Organised criminal gangs are selling badgers for up to £700 each to be used in vicious fights with dogs, experts warn.
Former paramilitaries in Ireland, both north and south of the border, are among those involved in the illegal and cruel trade, which involves gambling large sums of money, say wildlife groups.
And it is feared the government’s multi-million-pound badger cull is fuelling the gangs’ thirst for badgers to subject to battles with dogs.
Police in the West Country issued a warning about the involvement of crime syndicates in badger persecution as they asked the public to keep an eye out for wildlife crime.
Operation Badger is a nationwide police operation aiming to catch offenders thought to be organising betting schemes on fights pitting dogs against badgers.
Dorset Police said: “Some offenders travel vast distances through different counties committing thefts and burglaries. Their dogs can endure horrific injuries. A slow fate can await a pregnant badger, being mutilated, kicked, baited with dogs.”
Badger baiting was banned in 1835 but has continued across the UK, largely passed down from father to son, according to the RSPCA’s special operations unit, which investigates organised animal cruelty.
The criminals send small dogs such as terriers into a sett, trapping it, before a radio transmitter on its collar tells the diggers where to find the badger. The gangs will even try to intimidate landowners, according to the Northern Ireland Badger Group.
Dominic Dyer, chief executive of the Badger Trust, said he believed gambling on dog-fighting, cock-fighting and badger-baiting was on the rise, and that if a badger is captured alive it could be put in a fighting pen multiple times, increasing its value to the criminals.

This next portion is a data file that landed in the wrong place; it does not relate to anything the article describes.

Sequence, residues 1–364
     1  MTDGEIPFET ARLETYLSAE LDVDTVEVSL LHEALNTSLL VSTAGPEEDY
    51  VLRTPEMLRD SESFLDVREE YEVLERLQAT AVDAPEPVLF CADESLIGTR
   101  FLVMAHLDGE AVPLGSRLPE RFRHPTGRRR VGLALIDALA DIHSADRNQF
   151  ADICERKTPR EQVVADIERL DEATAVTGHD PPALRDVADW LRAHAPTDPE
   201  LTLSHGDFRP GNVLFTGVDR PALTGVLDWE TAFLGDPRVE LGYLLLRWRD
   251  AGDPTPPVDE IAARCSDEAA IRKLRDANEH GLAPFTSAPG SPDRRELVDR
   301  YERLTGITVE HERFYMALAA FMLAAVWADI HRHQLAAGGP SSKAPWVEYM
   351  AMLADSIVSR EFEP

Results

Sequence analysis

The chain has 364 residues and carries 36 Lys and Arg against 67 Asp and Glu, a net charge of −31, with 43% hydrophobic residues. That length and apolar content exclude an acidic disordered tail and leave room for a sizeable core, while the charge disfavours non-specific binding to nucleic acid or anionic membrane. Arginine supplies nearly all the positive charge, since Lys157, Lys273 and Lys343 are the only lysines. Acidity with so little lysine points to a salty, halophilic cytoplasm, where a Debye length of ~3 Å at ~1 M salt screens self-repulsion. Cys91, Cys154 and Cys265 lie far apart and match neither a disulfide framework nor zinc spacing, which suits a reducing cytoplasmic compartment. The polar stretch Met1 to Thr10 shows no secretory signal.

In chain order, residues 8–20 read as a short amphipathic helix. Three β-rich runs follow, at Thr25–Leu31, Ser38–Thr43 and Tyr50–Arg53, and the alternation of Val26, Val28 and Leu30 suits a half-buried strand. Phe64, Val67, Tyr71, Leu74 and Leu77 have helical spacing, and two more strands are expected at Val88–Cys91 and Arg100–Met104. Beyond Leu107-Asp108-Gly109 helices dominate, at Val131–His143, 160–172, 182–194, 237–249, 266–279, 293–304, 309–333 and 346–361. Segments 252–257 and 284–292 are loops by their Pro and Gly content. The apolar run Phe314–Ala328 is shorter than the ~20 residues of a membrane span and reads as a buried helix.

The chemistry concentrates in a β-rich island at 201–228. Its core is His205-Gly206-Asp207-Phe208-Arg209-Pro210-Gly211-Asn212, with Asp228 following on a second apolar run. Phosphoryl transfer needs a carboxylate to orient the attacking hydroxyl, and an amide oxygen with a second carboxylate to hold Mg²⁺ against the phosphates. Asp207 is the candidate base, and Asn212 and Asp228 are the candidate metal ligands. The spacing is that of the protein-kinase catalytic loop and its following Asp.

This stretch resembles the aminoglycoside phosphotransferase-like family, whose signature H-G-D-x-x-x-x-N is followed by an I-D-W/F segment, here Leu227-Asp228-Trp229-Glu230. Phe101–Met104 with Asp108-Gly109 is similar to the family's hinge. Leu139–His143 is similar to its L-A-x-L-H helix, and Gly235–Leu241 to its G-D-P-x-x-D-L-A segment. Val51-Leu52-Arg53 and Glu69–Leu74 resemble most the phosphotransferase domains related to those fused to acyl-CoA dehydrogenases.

“A particular worry for us is around badger culling,” he said, “because there are large numbers of cagers – people who are paid £20-£50 per badger when a cage is set at night and the animal is collected in the morning.
“That’s not much money but when one is worth £500-£700 on the black market there’s the temptation to sell the badger on. I’ve got no evidence but more people suddenly have a lot more access to badgers and there are no controls around the cull.
“In Northern Ireland there’s significant badger-baiting and a lot is linked to paramilitaries because they’ve moved their illegal activity from terrorism. They’re still very much underground and wildlife crime is linked to that.”
Setting a badger onto a dog causes significant, painful injuries to both animals.
Ian Briggs, chief inspector of the RSPCA’s special operations unit, said officers saw horrific injuries, particularly around a dog’s lower jaw, where they lose a lot of flesh.
“Because the criminals can’t go to a vet, they self-medicate: they patch the dogs up with drugs bought from the internet. Eventually the flesh of the jaw may fall away. We’ve seen dogs with their faces destroyed by these fights,” said Mr Briggs.
“There are people who have no respect for the law, for people’s property or the welfare of their dogs. They will steal from farms and go out and kill anything, be it badgers, foxes, a farm cat or deer.”
In December 2016 a group of men from south Wales were jailed after they travelled to Devon to use their dogs in a series of “abhorrent attacks” on deer, badgers and foxes.
Plymouth magistrates saw graphic footage of the dogs’ attacks while the gang’s ring leader looked on and gave encouragement.
Graham Coombes, 41, from Bovey Tracey, was sentenced to 20 weeks in prison with £3,000 costs for wildlife crimes.
Mr Briggs believes a forthcoming increase in maximum jail terms will deter some people on the sidelines from becoming involved in badger-baiting and dog fighting. Prison sentences are due to rise from a maximum of six months to five years.
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